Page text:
Ubuntu :: External Hard Drive - GParted Wont Load Up When Plugged In And Disk Utility Doesn't Show It
Feb 7, 2011
I had this corrupted external hdd and so I formatted the main partition on it on windows but messed up in the formatting and ended up having to format the entire thing. I got some weird message about it not being initialized (no not mounted) so I was in compmgmt.msc in windows and right clicked it in device manager and it asked for master boot or GUID I selected the latter and formatted. Worked fine and all for a bit but now it doesn't show up as a drive. I noticed when using compmgmt.msc it showed up that it had installed driver software and was being recognized but in the partition editing area there was nothing on this drive, reinstalling driver software doesn't seem to help. Also GParted wont load up when I have it plugged in and Disk Utility doesn't show it. I am requesting help to fix this problem within Ubuntu 10.10 somehow so I can use it properly.
a friend of mine just given me an old 2004 IBM NetVista 8305 desktop and suggested to use Linux Ubuntu which is something new to me. So i installed it via USB memory stick & it works. After installation of the OS I am impressed with functionality & speed. when i conect the external hard drive via usb it doesn't show & i tried my usb flash disc it showed the same problem. I tried both disk in my laptop (Windows XP) & it works.
I have a 2 TB disk in an external SATA dock, formatted with a single ext3 (Linux) partition, which doesn't show up in the Windows 7 Computer Management->Disk Management utility, even as a raw/blank disk. I've verified that there's nothing wrong with the disk by connecting it to my Linux machine and mounting it, and I've verified that the dock is functioning properly by connecting a different FAT32-formatted disk, which mounts flawlessly as expected.I realize that I can't actually read the ext3 partition without additional software (e.g., Ext3IFS), but why doesn't the disk show up at all? Is there some sort of stupid anti-Linux filter built in? Is there any way to force Windows to recognize the disk, so that I can at the very least use direct block access with it?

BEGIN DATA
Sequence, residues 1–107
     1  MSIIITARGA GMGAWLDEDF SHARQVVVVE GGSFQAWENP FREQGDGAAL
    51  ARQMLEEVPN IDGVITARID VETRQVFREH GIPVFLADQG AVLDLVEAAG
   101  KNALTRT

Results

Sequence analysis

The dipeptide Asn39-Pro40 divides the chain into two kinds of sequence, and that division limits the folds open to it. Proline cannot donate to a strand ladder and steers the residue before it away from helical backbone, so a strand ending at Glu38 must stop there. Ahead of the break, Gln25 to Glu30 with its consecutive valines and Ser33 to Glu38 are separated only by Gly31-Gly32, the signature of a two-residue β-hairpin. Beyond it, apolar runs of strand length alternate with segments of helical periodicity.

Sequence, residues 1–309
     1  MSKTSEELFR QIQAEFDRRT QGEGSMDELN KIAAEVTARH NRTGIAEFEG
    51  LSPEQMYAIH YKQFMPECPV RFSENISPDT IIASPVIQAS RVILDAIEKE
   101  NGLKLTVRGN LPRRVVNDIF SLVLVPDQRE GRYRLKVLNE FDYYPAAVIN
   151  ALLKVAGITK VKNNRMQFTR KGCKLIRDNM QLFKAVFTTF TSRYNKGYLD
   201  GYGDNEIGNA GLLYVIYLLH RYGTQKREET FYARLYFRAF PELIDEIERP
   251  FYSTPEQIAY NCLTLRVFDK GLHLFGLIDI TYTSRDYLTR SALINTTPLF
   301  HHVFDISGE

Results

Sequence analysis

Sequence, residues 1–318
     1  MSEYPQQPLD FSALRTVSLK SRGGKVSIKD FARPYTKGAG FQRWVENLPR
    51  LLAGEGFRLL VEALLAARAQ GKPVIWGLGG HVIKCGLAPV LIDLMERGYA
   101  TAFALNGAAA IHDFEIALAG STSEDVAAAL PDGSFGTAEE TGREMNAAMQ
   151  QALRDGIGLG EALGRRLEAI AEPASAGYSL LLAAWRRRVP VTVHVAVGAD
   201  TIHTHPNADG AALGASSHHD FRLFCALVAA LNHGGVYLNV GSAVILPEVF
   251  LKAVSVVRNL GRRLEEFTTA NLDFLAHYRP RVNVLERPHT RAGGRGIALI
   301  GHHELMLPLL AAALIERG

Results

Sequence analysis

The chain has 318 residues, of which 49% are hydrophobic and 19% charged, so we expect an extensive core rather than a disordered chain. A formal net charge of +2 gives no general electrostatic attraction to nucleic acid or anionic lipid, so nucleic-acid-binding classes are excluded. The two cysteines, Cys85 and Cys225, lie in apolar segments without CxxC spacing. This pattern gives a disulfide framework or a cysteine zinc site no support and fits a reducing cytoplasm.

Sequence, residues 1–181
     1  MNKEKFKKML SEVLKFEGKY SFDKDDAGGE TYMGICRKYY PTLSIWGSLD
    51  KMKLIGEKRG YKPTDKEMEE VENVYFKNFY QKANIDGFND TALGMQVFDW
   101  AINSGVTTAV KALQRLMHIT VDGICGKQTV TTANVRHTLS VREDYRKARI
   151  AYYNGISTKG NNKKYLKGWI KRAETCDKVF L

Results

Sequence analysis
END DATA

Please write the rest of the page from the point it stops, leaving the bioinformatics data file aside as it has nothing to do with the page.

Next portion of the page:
Background: I want to clone an identical 2 TB disk onto this one. Due to my hardware layout, it's much easier to have the source disk attached to one machine and the destination disk connected to another, and do the clone over the network (the network is not a bottleneck with switched gigabit ethernet), than it is to hook them both up to one machine.(1) I did this once before when both machines were running Linux, but I've since upgraded the destination machine and decided to switch back to Windows for regular desktop use. I've got Cygwin installed, and have verified that the same basic method (dd + nc) will work, but I can't do anything if Windows doesn't even consider the destination disk to exist.I only have one eSATA port on each machine. Opening them up just to do this clone is a rather large annoyance. Also, since this is my backup disk, I'd like to eventually automate the cloning from the active disk to another one that I regularly swap with a third disk that I store off-site.
I try to install Ubuntu on my new HTPC. I start Ubuntu with the Live CD and it boots fine. Then I want to start installing Ubuntu on my hard disk.Unfortunately the installer does not see my hard disk which has 1 empty ext4 partition. However, it can be seen and managed in GParted.
I finally got my new internal hdd for my laptop. I plugged it in and installed windows 7 64 bit. Then I partitioned my external hdd (WD mybook 640gb), and installed ubuntu 9.1 on a 200gb partition of it. The problem is that I didn't unplug the internal hdd before I installed ubuntu. Now the computer will not start unless I have the external hard drive plugged in.